Measuring Job Quality: The ‘Better Jobs Index’
Posted on October 26, 2018 by Lisa Wilson
This increased concern over job quality in the UK was initially formalised by Prime Minister Theresa May when she commissioned Matthew Taylor, Chief Executive of the RSA to undertake a review of modern working practices. One of the key recommendations made by the Commission in its report was that the UK Government should identify a set of metrics against which it will measure success in improving work, and report annually on the quality of work on offer in the UK. Responding to this recommendation the UK Government committed to enact this recommendation and engaged with a Working Group chaired by the RSA and the Carnegie Trust. They sought to respond directly to this specific recommendation and consider the practical steps required to implement a set of national job quality metrics.
Similarly, the importance of job quality has now been recognised separately in Northern Ireland. Specifically, the draft Programme for Government published just prior to the collapse of the Assembly in 2016 had included a commitment to increase the number of people working in ‘better jobs’ and to track the quality of work in Northern Ireland via a ‘Better Jobs Index’. Such a measure does not currently exist, although a commitment remains for its development – and indeed work to this end is ongoing in the Department for the Economy. There has, however, been little information to date as to what might be included in the final ‘Better Jobs Index’, how it will be presented or the steps being taken to reach a consensus on the metric that will be used. This is made all of the more complicated by the fact that there is no commonly agreed set of metrics used to describe job quality, track it over time, compare it between different contexts or groups of people and analyse whether the quality of jobs is improving or worsening. That said the recently published report from the RSA and the Carnegie Trust titled ‘Measuring Good Work’ provides, from a Northern Ireland point of view, a particularly useful summary of existing measures of job quality and also gives policy pointers for the development of a measure of job quality. In terms of the development of the ‘Better Jobs Index’ it is a very timely publication. Specifically, there are two recommendations made in the ‘Measuring Good Work’ report that are of particular pertinence to the ‘Better Jobs Index’ and which should be seriously reflected upon by those involved in its development.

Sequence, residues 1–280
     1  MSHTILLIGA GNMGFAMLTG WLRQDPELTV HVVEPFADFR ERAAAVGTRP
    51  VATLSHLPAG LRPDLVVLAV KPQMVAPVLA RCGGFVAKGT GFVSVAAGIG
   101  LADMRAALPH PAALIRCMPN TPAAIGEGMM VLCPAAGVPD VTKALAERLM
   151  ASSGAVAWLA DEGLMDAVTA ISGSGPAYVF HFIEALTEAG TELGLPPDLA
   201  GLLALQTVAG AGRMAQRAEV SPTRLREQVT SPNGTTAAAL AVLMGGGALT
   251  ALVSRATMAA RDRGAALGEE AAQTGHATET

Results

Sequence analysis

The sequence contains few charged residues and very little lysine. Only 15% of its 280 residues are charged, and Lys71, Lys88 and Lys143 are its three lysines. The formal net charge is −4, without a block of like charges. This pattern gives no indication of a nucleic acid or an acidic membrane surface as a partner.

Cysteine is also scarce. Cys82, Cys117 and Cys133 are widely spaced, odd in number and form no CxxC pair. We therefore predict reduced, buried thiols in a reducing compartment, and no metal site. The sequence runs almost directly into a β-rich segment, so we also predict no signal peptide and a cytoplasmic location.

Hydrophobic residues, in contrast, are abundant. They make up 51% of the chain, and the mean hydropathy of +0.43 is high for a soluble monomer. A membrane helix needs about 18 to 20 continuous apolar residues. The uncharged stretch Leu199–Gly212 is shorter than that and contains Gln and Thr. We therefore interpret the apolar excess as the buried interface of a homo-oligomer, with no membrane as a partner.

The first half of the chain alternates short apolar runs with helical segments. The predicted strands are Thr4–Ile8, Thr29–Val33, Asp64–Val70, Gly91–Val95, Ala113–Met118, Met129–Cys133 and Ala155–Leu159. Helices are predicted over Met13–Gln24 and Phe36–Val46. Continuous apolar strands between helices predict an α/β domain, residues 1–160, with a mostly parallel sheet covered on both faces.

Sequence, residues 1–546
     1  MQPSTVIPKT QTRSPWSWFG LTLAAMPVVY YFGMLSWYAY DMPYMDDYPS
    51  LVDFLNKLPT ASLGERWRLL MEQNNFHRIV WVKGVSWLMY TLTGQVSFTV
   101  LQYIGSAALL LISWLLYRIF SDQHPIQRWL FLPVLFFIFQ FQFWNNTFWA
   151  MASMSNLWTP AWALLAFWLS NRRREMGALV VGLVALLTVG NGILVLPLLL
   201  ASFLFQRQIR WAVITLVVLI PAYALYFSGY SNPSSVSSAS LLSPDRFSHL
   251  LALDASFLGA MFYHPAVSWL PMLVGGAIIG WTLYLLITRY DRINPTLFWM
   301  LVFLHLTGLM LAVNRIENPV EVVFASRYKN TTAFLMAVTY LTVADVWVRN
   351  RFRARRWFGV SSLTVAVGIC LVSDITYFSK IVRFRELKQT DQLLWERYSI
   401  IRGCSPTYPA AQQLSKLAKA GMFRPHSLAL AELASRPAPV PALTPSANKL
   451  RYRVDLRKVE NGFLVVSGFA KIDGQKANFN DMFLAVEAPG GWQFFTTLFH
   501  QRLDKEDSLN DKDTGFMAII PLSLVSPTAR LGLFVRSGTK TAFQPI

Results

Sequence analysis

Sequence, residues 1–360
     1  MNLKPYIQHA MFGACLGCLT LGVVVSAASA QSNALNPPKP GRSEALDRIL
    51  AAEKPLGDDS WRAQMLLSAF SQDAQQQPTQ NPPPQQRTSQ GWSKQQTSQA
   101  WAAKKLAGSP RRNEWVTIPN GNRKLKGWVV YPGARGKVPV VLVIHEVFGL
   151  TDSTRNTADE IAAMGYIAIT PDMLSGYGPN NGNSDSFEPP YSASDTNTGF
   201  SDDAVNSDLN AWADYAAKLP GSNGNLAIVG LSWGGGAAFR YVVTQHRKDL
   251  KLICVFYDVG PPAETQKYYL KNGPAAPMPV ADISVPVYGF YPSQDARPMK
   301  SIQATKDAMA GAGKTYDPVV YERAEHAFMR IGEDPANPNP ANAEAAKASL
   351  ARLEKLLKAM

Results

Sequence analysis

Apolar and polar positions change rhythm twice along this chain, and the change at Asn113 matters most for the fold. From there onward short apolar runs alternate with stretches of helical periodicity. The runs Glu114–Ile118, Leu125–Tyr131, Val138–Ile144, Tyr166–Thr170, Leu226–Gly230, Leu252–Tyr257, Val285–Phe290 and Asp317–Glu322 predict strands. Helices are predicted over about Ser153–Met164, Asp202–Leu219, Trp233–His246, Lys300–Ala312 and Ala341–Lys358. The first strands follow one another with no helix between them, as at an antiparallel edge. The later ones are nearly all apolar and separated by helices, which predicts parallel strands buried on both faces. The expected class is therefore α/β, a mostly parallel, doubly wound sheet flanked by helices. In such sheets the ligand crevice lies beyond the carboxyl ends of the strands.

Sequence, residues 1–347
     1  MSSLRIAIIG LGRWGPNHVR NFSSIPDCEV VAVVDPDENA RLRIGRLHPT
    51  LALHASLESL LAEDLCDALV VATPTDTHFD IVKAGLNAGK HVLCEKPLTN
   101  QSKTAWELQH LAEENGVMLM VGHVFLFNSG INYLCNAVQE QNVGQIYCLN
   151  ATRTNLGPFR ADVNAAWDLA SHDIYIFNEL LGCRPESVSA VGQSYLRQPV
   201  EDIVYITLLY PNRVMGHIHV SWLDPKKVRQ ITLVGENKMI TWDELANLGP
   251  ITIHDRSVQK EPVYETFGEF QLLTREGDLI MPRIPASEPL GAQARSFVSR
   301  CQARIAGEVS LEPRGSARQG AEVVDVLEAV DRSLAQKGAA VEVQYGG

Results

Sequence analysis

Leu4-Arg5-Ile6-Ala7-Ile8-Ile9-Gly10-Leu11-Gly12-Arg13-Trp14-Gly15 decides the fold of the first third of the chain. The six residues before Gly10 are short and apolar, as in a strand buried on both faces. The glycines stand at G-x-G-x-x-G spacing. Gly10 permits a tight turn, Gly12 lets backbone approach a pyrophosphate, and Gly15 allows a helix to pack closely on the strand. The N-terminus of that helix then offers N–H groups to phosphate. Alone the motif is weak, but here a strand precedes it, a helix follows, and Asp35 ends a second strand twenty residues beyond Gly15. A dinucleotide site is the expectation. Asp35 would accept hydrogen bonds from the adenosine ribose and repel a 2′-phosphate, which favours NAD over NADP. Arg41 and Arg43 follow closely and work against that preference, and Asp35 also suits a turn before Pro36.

The first relates to the conclusion that an accurate assessment of job quality cannot be achieved through a single metric such as that proposed in Northern Ireland. The point is made that because job quality is a complex, and multi-faceted concept and so may require varied policy interventions, the different aspects of job quality need to be understood, measured and reported on separately. To this end the report recommends that seven dimensions should be used to assess quality of work annually by the UK Government, and presented via a dashboard. These include pay and benefits; job design and the nature of employment including job security; health and safety at work; work-life balance; social support and cohesion; voice and representation. Previous research conducted on job quality by the NERI leads us to share this view, as it becomes clear when a number of measures of job quality are collapsed together not only is the nuance lost and variations in particular indicators masked behind an average, but also as a result it is more difficult to determine the correct policy levers to improve particular aspects of job quality.
Secondly, the ‘Measuring Good Work’ report recommends that consideration needs to be given to the concept of a minimum baseline of job quality. This recommendation is particularly important in Northern Ireland given that the proposed measure is called a ‘Better Jobs Index’. The immediate follow-on from this from a policy point of view needs to be ‘Better than what?’. Will a ‘better job’ be one that has seen small improvements across many aspects of job quality? Or will a ‘better job’ be defined as one that has seen big improvements across one aspect of job quality? or will there be some threshold or description given as to what is a poor-quality job with only growth in jobs above some agreed upon threshold being counted as demonstrating an increase in better jobs? The NERI has been following very closely the developments in relation to the measurement of job quality both in the UK and in Northern Ireland, and are specifically engaged in the issue of how the RSA and Carnegie Trust’s recommendations relates to the ‘Better Jobs Index’ in Northern Ireland.